Tuesday, September 27, 2011

El Pueblo de Nuestra Senora Reina de Los Angeles del Rio de Porciuncula

Magnet geography Los Angeles by trudeau
Magnet geography Los Angeles, a photo by trudeau on Flickr.

LA's full name:
The town of Our Lady (mother of Jesus in Roman Catholic parlance), Queen of the Angels of the River Porciuncula.

Notes -
- Watts Towers - primitive art by an Italian immigrant in a neighborhood that became a major Af-Am ghetto.

ghetto: Italian word which means "the section where the Jews live." Jewish ghettos in Europe existed because Jews were viewed as alien due to being a cultural minority and due to their non-Christian beliefs in a Renaissance Christian environment, says Wikipedia.

- Rodeo Drive - posh shopping district.
- RMS Queen Mary, retired steam liner twice the size of the Titanic.
- Disneyland dates from 1955.
- LaBrea Tar Pits: Asphaltum or tar (brea in Spanish) has seeped up from the ground in this area for tens of thousands of years. Over many centuries, animals that came to drink the water fell in, sank in the tar, and were preserved as bones. Ex: mammoths, sloths and saber-toothed tiger.
- Hollywood Hills: an affluent and exclusive neighborhood in the Santa Monica Mountains. By 1915 the movie business had largely relocated here from NYC.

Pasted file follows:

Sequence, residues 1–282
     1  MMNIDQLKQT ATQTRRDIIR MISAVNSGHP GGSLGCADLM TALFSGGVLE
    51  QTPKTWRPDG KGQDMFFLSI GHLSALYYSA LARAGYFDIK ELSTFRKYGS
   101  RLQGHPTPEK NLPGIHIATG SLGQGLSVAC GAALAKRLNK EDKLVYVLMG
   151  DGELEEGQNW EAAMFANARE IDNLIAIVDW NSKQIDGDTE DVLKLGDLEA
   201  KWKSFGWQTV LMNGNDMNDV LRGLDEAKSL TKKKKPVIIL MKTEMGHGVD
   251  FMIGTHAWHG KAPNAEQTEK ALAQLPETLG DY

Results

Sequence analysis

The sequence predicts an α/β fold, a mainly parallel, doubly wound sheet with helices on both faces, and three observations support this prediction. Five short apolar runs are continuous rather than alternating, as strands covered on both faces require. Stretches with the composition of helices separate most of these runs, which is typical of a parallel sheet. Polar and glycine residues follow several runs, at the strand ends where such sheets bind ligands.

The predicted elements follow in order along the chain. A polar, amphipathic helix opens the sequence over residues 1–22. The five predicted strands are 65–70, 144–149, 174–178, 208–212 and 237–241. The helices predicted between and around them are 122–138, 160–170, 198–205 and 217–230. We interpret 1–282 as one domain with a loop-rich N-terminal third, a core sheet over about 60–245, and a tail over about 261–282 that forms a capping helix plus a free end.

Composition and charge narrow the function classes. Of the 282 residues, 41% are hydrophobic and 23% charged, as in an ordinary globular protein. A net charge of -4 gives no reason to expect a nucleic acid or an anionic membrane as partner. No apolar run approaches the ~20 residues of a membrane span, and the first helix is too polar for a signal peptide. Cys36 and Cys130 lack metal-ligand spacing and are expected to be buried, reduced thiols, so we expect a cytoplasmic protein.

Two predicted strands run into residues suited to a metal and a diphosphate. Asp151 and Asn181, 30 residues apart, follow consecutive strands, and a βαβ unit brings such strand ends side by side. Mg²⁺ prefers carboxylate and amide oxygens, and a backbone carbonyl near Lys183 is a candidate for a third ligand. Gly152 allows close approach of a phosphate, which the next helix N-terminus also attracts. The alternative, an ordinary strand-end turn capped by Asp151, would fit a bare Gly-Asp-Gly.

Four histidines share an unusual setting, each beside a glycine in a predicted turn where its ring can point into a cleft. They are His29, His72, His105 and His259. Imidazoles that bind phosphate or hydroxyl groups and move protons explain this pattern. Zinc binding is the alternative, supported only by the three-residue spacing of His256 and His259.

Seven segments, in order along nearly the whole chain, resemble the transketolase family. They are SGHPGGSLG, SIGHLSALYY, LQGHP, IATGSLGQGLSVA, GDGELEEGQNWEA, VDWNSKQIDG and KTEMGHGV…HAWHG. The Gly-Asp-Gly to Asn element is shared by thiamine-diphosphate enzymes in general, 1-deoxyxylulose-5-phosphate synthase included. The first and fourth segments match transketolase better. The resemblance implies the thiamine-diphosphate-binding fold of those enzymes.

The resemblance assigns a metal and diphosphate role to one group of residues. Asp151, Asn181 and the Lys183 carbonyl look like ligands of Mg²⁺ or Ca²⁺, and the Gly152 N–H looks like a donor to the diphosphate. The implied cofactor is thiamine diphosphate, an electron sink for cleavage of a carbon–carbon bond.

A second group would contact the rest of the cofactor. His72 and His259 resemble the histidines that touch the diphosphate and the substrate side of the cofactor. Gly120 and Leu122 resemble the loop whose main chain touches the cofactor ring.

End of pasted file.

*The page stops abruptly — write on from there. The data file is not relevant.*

- Chinatown Los Angeles
- Venice Beach & Boardwalk: people watching and trendy shopping.
- The J Paul Getty Museum and LA County Museum of Art: major art centers.
- Warner brothers Studios: take a tour!
- Beverly Hills: a posh municipality next door to Bel Air, Holmby Hills and West Hollywood.
- Marina Del Rey: major yacht harbor near LAX and Venice.
- Knott's Berry Farm: famous theme park.
- LA Farmer's Market: The most famous such market in the US.
- Walt Disney Concert Hall: radical building housing a center for orchestral music. Design is by LA architect Frank Gehry.
- Malibu: 27 miles of beaches; a celeb-studded coastline.

"Southern California saw a huge surge in palm tree plantings during the 1920s and 1930s, many of which still line L.A. streets today," says LA Almanac.